Pincherle and Pacini: Twentieth-century Women Painters in Florence
Authors: J. Fortune, R. Lari, G. Manghetti, L. Mannini and C. Toti.
Publisher: B’Gruppo srl (Prato)
The Florentine Press Series, May 2016
Language: English and Italian
Pages: 108 pages, full-color photos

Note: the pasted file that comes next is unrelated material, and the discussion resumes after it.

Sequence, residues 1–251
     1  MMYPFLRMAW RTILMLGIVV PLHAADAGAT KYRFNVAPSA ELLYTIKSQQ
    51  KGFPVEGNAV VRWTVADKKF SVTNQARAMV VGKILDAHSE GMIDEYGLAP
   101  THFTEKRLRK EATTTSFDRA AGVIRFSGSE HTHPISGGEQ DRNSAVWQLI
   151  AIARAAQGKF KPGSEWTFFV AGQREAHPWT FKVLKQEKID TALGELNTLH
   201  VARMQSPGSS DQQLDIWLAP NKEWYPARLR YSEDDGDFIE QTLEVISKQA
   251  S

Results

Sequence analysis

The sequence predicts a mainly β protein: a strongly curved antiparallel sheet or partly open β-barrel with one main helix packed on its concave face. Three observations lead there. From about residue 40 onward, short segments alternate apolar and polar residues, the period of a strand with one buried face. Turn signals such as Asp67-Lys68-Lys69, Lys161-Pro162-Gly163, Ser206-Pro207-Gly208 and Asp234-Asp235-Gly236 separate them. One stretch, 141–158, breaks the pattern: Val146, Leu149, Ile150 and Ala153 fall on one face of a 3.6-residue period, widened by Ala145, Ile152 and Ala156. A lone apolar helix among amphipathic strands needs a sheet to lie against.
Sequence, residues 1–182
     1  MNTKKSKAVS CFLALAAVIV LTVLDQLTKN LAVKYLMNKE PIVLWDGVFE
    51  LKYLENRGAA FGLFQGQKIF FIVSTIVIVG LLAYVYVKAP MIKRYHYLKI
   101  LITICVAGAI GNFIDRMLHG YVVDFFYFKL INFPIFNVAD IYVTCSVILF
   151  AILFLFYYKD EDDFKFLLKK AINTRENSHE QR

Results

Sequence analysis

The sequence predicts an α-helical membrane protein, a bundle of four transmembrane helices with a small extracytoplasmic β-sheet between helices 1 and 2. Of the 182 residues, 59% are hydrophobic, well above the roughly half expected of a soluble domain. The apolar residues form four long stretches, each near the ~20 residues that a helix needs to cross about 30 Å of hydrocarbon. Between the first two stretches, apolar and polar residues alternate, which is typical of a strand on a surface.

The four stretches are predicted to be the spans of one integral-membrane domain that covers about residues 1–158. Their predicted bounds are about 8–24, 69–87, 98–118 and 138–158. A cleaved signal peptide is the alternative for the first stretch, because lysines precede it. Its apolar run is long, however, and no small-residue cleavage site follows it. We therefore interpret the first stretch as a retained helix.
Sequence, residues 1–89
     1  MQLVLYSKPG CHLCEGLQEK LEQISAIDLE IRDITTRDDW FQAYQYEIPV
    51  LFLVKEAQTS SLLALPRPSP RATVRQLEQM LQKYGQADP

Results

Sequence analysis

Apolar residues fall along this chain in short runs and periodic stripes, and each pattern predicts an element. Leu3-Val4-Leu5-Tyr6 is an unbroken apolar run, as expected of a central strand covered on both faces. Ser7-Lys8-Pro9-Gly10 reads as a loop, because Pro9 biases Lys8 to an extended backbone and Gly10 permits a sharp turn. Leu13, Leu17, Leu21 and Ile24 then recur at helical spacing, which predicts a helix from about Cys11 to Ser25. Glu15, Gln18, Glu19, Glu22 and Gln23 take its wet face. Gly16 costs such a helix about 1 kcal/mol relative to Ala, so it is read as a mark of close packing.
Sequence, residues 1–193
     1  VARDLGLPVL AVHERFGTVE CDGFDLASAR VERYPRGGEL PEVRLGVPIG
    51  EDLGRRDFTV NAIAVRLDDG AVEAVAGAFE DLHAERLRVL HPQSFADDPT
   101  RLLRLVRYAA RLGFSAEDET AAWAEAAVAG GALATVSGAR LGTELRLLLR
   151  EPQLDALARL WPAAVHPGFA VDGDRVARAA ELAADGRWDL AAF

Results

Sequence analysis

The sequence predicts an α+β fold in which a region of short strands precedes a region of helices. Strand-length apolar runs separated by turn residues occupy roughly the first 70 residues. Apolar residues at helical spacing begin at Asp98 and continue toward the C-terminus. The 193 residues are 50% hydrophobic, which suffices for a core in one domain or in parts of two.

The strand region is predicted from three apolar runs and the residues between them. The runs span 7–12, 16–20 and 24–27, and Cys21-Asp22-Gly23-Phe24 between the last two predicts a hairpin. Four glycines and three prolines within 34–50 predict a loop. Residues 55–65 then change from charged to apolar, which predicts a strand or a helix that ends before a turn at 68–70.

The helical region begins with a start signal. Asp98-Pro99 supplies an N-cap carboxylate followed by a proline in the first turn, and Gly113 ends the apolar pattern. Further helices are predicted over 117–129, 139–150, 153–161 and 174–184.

Explore Florence’s cultural haunts through paintings by eclectic woman artists, Adriana Pincherle and Eloisa Pacini. A pleasure trip through parallel Florentine exhibitions, it celebrates two creative lifestyles that are key to uncovering the city’s twentieth-century art experience. Although they had different personalities, artistic languages and social circles, Pincherle and Pacini shared a love for Florence and made it their home. It’s the city where they both cultivated collaborative relationships with their respective husbands, the painter Onofrio Martinelli and the architect Giovanni Michelucci, also adoptive “Florentines”. Pincherle and Pacini approached art from a dissimilar vantage point, though they had the comparable experience of living their lives alongside “illustrious” men; Michelucci himself, in the case of Eloisa and novelist Alberto Moravia, who was Pincherle’s brother. Eloisa approached her vocation in a discontinuous manner. Pincherle, on the other hand, made painting her career. Together, they represent two faces of the twentieth-century painting who merit further attention.